Mint Lemonade & Slave Cabins at Hopsewee



Our stay at Hopsewee has been challenging (sleeping) but overall excellent. Last night we arrived to the plantation and was able to relax, play ultimate frisbee, take a nap before a heartening meal prepared by the home’s caretakers, Eva and Gabriel. But it was the conversation on the Tea Room’s back porch after dinner over Mint Lemonade and Sweet Tea that was truly excellent. For over an hour teachers, students, Mr. McGill broke down all that we have seen and done so far with a pleasant breeze cooling us from the nearby North Santee River — and it has been a lot. Gabriel took part in our conversation and provided an inspirational talk to the boys. The CW Adventure has made great friends here. Truly awesome night. You can read my account of the sleeping in one of these slave cabins in the previous post but I wanted parents to know your boys made it… Here is evidence below. We had a delicious breakfast here as well that included ham and eggs, grits, biscuits, orange juice and of course, coffee.

* Adam Armstrong and I participated in an online/phone interview with a local historian and Mr. McGill last night as well. You can listen to that interview here:


Student reactions to Hopsewee and the slave cabins: More students will respond to this evening’s stay at Magnolia Plantation.

Slave cabins are barely functional as sleeping quarters and nothing else. The cabins are well preserved and kept, but they are not bug proof. –Paul B. Scheidt

Last night we discussed why slaves did not rebel and try to run away. We said that it was because there was no other life known to them and the chances of successfully escaping were slim. The slave cabins at Hopsewee Plantation represented what slaves endured. Close sleeping quarters and mosquitos reminded me that you can anywhere there is a roof. –Sam Mintner


When I first walked into the slave cabins, I saw the dust, spiders, and sharp farm equipment that were barely connect to the walls. Because there was little room in the cabins, I decided to sleep in a tent. However I soon learn that there were poisonous snakes roaming the grounds. Now I realize the horrible conditions that all slaves had to work though. –Adam Thota


Arriving at the Hopsewee Plantation yesterday, I immediately recognized the slave cabins in front.  However, when I investigated the plaques around the plantation, I realized that in those cabins lived just the house slaves.  There was another entire street filled with more ramshackle and run-down cabins for the hundreds of slaves working the land.  I couldn’t help but think of the poor distribution of power and wealth in this institution, and how this evolved over time through sharecropping and the Robber Barons in the Gilded Age.  Through Reconstruction, the Southern slave-owners succeeded in perpetuating and passing on their way of life.

-Jacob Webb

Last night we discussed what slaves could do when they were free, and the fear of what may happen to you or your family if you choose to escape. The slaves didn’t have a lot to go on. No education, illiterate, and they couldn’t read or write. The only life they knew was the life of a slave. Sleeping in the cabins was a powerful experience. I sat there and pouted about all the mosquitos and huge spiders, but then I realized what the people who had to live here went through. How much they had to go through every day. How they had to go from these horrible sleeping conditions to an even worse workday. It really was an eye opener for me last night. I can’t wait to see the next one.    –Brett McCormick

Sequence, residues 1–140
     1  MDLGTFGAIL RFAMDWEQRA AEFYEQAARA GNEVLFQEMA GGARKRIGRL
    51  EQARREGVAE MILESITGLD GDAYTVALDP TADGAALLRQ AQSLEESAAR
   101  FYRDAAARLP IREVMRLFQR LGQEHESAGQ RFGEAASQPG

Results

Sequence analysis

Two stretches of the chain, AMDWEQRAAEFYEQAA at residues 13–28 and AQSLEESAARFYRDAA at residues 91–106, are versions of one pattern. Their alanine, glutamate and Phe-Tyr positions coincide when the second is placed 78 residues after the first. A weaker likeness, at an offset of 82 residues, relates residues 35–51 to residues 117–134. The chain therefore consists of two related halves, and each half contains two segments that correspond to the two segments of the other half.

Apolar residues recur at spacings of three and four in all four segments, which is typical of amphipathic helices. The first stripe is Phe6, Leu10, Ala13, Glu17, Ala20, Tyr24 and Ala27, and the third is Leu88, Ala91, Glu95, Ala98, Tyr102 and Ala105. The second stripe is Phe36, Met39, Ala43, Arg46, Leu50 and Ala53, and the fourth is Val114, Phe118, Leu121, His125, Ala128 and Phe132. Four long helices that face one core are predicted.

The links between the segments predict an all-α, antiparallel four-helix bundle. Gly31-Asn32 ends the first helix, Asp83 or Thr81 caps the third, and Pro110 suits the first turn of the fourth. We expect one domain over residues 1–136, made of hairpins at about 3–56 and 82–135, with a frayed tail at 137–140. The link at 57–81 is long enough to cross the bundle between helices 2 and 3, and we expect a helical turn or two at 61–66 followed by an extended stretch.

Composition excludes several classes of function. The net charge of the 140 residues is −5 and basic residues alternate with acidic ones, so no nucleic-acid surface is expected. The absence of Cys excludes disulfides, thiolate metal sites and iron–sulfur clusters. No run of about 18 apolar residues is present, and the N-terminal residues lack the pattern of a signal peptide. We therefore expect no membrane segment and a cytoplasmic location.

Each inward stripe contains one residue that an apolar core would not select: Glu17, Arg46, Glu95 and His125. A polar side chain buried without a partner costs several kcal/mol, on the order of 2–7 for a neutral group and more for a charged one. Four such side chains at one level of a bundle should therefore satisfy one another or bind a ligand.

The discussion last night gave me modern-day examples of how “Civil Wars” are still going on today.  There are still people who face something very similar to slavery; including extreme poverty, modern concentration camps, and oppressive governments.  Just as many people in the Union signed up to go to war to defend what they believed right, it is our job to stand up against what we believe is wrong.

Last night in the slave cabin was challenging for me.  Even with bug spray, mosquitoes were everywhere and I was scared to let my hand touch the ground in fear of other bugs.  I woke up many times trying to get comfortable on the hard ground.  Overall, I did not get much sleep.  This made me think of the fact that slaves dealt with this every day, and that was the least of their problems.  Last night helped me to realize what the Union was trying to fight against.    –Evan Treacy


Overall, I’d say my night in the slave cabin was pretty nice, if only for the copious amounts of mosquito repellant that I had to apply over every square centimeter in my body. I was also concerned by the rainfall that loomed over our roof a few times, given that there were a few tiny cracks in the roof. Nevertheless, I got through the night with a good and surprisingly dry sleep. Whether or not there are any mosquito bites that I missed, only time will tell. Of course, I had a sleeping pad, a camping bag, and an economy-sized can of Off. Slaves likely had none of these luxuries. How would you spend your life in an open cabin while being a buffet for every skeeter in the area? This gives a hint towards what sort of conditions a slave (a house slave, who generally had it better than the field slaves) had to undergo in the South. —  Jon Berens

 Here is a Group Photo this morning in front of one of the cabins with our wonderful Hosts, Eva and Gabriel, below: 




One thought on “Mint Lemonade & Slave Cabins at Hopsewee

  1. Pingback: Overnight Sights & Sounds of a Slave Plantation | HistoricaLese

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